China cautiously optimistic about new US ambassador

Editor’s Note: Yuan Sha is an assistant researcher in the American Studies Department of the China Institute of International Studies. A former Columbia University Fulbright Fellow, she holds a PhD in International Politics from the China University of Foreign Affairs. Yuan has published several articles on Sino-US security relations in Chinese academic journals and is a regular contributor to many Chinese media. The article reflects the views of the author and not necessarily those of CGTN.

The US embassy in China is expected to welcome a new boss, with US President Joe Biden announcing on Friday his intention to appoint Nicholas Burns as the next ambassador to China. The move instills a sense of confidence in China-U.S. Relations as it fills the void left by the resignation of former Ambassador Terry Branstad more than 10 months ago, even though it would be too early to predict a turnaround in relations. bilateral amid the current tensions.

An ideal choice

Burns is widely regarded as the perfect fit for the job. He is a foreign service veteran and has held senior positions in the Democratic and Republican administrations, which has won him approval from both sides, which should ease his Senate confirmation process.

He is also a respected scholar. In fact, he is now a professor of diplomacy and international relations at the Kennedy School of Government at Harvard University. He is an advocate of diplomacy who compared diplomats to “gardeners” in a recent article commemorating the late US Secretary of State George Schultz in Foreign Affairs magazine. The importance and complexity of Sino-US relations need a character who is well versed in diplomatic nuances.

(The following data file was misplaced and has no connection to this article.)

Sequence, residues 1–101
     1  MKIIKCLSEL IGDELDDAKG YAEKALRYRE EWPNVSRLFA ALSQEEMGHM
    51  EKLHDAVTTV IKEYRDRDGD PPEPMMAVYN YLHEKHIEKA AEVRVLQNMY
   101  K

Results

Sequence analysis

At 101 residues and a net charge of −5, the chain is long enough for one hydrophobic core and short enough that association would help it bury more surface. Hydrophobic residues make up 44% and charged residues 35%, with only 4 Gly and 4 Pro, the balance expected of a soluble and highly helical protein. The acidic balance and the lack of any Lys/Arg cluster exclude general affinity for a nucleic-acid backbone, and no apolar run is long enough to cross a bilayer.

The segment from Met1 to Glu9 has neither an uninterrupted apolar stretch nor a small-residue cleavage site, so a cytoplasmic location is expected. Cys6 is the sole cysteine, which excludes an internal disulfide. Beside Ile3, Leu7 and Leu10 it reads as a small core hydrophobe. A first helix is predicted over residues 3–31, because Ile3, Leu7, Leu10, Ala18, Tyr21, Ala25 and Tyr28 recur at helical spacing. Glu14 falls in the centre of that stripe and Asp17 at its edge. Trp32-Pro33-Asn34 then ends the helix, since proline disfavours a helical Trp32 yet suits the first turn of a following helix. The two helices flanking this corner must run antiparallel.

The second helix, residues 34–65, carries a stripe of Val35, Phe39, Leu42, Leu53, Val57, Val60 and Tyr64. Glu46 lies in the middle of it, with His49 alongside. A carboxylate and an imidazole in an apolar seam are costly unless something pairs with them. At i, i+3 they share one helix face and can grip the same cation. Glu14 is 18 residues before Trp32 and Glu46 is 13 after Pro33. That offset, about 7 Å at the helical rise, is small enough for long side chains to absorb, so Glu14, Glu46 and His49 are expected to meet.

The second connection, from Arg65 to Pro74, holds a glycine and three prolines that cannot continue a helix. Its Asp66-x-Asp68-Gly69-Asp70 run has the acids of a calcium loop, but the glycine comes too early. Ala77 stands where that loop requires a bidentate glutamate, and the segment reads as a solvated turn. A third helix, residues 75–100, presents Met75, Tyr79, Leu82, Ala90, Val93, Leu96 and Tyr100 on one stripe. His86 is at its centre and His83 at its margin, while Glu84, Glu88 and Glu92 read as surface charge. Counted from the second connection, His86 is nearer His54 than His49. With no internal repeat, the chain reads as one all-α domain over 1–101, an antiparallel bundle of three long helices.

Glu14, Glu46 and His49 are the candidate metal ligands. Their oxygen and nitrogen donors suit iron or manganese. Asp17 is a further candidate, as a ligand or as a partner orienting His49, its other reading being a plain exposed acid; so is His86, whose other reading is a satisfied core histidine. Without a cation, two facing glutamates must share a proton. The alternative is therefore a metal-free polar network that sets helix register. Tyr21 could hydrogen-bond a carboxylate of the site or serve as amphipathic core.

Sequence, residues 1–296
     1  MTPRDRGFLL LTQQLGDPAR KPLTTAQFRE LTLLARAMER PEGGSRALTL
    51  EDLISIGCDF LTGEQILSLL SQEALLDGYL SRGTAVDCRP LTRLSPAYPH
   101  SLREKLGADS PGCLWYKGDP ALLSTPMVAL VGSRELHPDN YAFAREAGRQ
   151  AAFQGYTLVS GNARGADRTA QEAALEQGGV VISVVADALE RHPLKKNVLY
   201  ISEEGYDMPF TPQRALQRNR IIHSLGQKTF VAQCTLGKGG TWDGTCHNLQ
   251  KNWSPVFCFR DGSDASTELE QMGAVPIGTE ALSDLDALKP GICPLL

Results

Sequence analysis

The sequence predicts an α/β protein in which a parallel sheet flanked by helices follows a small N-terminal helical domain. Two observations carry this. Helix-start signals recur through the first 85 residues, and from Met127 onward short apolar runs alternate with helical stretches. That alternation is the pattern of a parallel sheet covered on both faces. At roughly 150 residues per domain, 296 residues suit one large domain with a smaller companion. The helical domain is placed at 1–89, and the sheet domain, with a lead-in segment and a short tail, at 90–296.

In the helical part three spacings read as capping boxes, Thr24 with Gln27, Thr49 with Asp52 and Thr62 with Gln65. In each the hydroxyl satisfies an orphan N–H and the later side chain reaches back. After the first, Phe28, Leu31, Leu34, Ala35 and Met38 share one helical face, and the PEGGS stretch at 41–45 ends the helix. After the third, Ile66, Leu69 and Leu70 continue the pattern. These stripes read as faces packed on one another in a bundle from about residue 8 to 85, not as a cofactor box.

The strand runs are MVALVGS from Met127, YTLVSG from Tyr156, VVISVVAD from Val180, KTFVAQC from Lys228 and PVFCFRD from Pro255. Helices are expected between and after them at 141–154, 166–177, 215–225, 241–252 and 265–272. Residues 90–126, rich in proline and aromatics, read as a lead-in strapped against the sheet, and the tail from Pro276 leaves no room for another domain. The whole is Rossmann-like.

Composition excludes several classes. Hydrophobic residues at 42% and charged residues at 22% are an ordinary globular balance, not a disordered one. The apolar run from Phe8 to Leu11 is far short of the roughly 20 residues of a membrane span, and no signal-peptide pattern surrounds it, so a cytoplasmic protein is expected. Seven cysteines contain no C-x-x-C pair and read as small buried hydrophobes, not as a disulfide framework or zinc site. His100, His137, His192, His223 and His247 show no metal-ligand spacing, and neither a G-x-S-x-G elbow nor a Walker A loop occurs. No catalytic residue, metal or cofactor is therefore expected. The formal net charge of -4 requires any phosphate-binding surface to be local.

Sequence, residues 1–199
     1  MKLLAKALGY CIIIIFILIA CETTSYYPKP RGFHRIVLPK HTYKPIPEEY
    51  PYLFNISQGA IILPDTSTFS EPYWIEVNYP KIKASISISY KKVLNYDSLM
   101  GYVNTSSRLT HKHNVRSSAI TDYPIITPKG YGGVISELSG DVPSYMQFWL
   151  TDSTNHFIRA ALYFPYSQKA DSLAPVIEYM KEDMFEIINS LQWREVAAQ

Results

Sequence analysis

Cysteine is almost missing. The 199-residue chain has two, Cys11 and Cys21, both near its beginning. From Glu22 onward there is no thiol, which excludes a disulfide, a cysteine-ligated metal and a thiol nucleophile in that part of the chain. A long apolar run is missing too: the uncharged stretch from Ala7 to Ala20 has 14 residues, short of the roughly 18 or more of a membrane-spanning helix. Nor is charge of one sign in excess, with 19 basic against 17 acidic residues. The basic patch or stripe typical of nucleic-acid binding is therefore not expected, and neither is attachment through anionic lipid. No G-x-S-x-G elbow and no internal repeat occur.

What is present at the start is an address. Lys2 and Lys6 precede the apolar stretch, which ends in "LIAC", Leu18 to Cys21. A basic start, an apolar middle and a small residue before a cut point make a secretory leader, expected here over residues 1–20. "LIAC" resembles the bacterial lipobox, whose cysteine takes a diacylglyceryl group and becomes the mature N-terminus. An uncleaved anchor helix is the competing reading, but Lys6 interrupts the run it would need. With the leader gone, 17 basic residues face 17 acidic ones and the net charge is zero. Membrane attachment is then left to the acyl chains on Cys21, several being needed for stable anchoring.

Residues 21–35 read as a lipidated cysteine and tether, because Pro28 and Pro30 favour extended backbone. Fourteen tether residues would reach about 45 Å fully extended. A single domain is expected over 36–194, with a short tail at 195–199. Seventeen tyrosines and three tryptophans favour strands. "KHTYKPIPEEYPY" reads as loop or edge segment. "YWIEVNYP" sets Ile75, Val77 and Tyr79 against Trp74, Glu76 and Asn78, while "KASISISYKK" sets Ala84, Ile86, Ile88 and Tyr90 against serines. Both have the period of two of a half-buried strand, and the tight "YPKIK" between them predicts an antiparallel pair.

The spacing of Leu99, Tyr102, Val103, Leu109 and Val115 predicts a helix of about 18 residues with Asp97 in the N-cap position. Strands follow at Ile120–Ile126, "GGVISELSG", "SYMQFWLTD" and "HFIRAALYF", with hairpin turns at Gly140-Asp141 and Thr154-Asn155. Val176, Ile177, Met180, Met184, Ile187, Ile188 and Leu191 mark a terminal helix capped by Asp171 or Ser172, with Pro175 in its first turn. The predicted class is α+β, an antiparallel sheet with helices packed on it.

Although Burns is not an expert on China, he has a wealth of experience working with the Chinese government “on issues as diverse as Afghanistan, United Nations sanctions against Iran, North Korea and the United Nations. US policy in the Indo-Pacific, “according to a White House statement. , and at the “Aspen Strategy Group, he organized a political dialogue with the Central Party School of the Chinese government. He has taught, written and spoken on current US-China relations ”.

The appointment is widely seen as signifying reciprocity by the US side, as it comes a month after the new Chinese Ambassador Qin Gang was assigned to Washington.

Burns’ close relationship with President Biden and Secretary of State Antony Blinken also indicates the importance the administration places on U.S.-China relations. Thus, the new ambassador is expected to serve as a bridge between the two countries as diplomatic channels dwindle due to the double shock of the COVID-19 pandemic and rising tensions in bilateral relations.

Stay cautious

Given China’s priority in the US national strategy, there are suspicions about how much leeway a US ambassador would actually have in Sino-US relations after Branstad’s experience.

As the Biden administration doubles up on a competitive and even confrontational policy towards China, it would be naïve to view the appointment of a new ambassador as an olive branch. In fact, Burns’ rich experience and deep connections across the globe could give him an edge in helping the Biden administration rally allies and partners against China.

Notably, Burns agrees with the US policy shift towards strategic competition with China. In his preface to the book “The Struggle for Power: US-China Relations in the 21st Century” published by the Aspen Strategy Group in 2020, he listed four main areas of Sino-US competition spanning economic, military, technological and other fronts. ideological. .

But Burns also recognizes the difficult question of how best to deal with China, and suggested a “hybrid approach: compete with China where we need to; cooperate where we can ”. He also called on the “two tigers (to) unite” at the worst time of the COVID-19 pandemic. This is in keeping with the Biden administration’s professed approach of “competition, confrontation and cooperation” towards China. But this three-pronged policy is now widely seen as unbalanced, with the “cooperation” facet clearly absent. Thus, it is eagerly awaited to see how a new ambassador will promote cooperation and restore trust between the two countries.

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